Debt is an amount due or owed to a person or entity. Most students have debt in the form of credit card payments and student loans. Although you may understandably get into debt in order to pay for your education, debt can pile up and become a big burden. We want you to stay well informed on student debt; this includes the different types that exist, how the interest on loans work, and how to avoid debt altogether. Debt isn't something we want to have on our minds, but it is important to at least know some basic facts about it.
What is Debt?
How to avoid debt?
Credit cards should only be used if you can pay off the balance immediately. Remember that there is a period of disconnect between swiping your card and the money leave your account. Control borrowing by getting yourself on a budget, and use any leftover income to pay down debt beyond your minimum payment (what the credit company or student loan provider requires you to pay). It is important to pay more than the minimum payment to avoid incurring interest; the more you pay now, the less you pay overall.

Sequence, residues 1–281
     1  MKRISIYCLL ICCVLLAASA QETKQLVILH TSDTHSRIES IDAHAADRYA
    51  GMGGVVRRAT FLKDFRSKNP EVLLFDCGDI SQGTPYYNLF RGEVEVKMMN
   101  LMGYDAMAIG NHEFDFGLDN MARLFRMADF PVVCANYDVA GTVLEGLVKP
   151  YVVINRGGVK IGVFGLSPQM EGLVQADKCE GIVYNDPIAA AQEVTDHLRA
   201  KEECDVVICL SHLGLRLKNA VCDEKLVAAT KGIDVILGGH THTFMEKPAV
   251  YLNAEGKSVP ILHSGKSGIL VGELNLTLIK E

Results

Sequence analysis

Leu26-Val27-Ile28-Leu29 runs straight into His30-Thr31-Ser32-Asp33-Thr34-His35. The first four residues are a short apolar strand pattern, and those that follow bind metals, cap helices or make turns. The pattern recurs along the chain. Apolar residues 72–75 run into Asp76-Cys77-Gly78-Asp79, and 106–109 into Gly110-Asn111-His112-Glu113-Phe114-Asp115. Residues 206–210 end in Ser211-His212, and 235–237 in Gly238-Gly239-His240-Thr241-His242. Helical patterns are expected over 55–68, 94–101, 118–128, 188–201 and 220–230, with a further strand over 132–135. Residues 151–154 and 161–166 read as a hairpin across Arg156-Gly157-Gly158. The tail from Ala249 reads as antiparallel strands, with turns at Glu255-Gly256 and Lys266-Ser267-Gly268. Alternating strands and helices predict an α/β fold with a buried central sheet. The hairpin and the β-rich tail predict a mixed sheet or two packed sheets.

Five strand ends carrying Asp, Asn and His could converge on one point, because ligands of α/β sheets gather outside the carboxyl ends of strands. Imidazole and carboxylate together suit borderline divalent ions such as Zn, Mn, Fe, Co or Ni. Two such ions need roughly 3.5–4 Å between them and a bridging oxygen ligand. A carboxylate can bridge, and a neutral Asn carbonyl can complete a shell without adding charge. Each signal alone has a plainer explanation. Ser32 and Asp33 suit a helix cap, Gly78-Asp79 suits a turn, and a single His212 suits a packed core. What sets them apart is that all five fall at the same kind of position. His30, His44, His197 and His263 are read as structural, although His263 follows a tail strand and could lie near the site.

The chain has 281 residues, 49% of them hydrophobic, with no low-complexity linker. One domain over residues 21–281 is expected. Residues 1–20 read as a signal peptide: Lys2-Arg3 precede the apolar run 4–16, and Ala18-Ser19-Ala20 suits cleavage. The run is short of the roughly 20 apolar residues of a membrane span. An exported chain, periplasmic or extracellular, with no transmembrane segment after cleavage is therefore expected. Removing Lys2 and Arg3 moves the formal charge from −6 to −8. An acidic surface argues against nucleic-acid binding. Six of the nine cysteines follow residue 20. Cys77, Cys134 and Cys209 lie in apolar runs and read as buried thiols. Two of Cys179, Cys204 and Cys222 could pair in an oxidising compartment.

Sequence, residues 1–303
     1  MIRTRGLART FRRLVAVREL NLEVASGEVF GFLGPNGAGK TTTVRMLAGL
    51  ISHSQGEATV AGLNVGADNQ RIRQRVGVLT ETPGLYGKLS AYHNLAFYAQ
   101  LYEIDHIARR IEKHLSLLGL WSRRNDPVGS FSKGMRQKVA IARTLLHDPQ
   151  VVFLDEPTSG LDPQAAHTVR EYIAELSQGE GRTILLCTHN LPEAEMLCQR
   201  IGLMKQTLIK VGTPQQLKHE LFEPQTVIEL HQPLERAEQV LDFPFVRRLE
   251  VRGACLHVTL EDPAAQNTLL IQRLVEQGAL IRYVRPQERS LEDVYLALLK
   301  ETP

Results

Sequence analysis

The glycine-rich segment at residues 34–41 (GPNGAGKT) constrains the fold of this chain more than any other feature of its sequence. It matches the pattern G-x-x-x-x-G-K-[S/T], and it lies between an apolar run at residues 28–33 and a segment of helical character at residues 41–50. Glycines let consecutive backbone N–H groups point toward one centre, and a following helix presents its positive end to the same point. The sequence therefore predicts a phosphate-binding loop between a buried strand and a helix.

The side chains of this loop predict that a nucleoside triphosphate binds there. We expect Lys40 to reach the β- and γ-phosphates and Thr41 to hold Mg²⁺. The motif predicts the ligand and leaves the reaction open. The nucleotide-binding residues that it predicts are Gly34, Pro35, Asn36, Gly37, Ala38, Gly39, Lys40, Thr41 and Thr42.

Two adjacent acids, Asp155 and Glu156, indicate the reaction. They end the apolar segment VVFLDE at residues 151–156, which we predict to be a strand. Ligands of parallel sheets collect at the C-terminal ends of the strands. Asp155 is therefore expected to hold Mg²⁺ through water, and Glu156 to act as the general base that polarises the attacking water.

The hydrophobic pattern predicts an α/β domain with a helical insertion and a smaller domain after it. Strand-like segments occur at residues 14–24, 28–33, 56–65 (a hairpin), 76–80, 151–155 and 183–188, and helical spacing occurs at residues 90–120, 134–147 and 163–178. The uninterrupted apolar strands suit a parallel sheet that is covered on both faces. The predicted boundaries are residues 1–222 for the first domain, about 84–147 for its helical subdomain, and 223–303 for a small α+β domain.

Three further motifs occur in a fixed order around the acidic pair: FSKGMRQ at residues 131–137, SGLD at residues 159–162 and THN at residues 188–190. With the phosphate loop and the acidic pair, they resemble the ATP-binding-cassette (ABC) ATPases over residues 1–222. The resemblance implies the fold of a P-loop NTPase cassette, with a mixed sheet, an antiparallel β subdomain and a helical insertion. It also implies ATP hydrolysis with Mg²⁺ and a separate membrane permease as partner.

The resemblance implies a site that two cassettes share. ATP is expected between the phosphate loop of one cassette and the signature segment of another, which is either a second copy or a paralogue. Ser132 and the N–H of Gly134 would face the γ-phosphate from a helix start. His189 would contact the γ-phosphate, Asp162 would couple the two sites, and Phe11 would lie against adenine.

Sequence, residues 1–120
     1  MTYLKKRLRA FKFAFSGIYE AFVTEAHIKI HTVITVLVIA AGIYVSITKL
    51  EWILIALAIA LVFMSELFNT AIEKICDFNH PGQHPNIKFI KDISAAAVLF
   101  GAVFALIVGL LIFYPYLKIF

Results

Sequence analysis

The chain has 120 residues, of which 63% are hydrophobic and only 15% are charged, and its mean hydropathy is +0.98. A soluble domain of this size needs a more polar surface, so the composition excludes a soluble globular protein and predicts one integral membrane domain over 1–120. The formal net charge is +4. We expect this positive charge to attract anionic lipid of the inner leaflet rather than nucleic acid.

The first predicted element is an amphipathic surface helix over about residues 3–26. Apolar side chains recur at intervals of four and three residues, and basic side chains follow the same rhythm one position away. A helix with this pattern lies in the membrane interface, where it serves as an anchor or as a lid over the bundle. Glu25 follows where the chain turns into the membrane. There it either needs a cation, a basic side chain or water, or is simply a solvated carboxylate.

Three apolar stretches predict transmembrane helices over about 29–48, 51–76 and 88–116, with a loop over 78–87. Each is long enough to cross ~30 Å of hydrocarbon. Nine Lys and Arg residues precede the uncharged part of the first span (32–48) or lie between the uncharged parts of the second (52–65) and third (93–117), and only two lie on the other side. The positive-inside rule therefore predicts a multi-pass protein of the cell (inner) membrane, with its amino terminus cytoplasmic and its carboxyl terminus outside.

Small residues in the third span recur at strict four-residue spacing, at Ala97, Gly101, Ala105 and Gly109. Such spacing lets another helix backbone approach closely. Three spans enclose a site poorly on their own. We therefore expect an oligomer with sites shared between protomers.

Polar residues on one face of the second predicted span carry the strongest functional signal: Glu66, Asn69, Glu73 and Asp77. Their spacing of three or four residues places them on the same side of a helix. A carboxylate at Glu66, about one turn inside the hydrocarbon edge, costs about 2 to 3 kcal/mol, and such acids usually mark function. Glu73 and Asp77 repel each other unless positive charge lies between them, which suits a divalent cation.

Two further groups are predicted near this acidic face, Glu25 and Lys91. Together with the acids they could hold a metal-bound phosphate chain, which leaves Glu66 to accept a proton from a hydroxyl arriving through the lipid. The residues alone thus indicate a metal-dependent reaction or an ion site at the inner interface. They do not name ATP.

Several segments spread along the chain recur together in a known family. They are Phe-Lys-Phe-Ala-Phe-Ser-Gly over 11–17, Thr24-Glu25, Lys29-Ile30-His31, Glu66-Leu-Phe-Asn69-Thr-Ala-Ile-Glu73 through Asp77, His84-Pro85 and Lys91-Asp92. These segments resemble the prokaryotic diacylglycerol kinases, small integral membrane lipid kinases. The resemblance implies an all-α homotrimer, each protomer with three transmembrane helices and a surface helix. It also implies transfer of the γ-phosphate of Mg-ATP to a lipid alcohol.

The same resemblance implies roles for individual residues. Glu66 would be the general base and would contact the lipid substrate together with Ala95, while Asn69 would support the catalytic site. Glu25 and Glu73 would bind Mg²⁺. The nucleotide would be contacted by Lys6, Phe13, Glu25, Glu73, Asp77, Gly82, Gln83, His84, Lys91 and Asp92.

When you borrow money (such as through student loans or credit cards), you have to cover the principal and interest. Principal is the amount you initially borrow. For example, if you spend $1,000 on your credit cards, then that $1,000 is your principal amount. However, when you receive your statement, you will notice that interest is assessed. If the interest you have is 'simple' interest, interest is calculated off the principal. So, take that same $1,000 dollars and add on the interest rate, say 20%: (20%)($1,000) for every year of repayment. Alternatively, compounding interest is calculated on the principal amount and also on the accumulated interest of previous periods, essentially “interest on interest.” For example, taking that same $1,000, the first year of interest would be (.20)($1,000), and the second year would be (.20)($1,200), because we take year 1's interest into consideration. Make sure to carefully review the terms of your loan to see what kind of interest you are incurring.
Taking the example from the above text, a credit card charge of $1,000 would incur $612 in interest costs if you wanted to pay it off in 5 years. This means that you would be paying 20% interest with an expected payment of $26 a month. It also assumes that you don't make any additional charges to the card. This accumulated interest is 60% of your original loan. Don't forget to consider the interest costs and the timeframe in which you want to pay back your debt when charging a card or taking out a loan.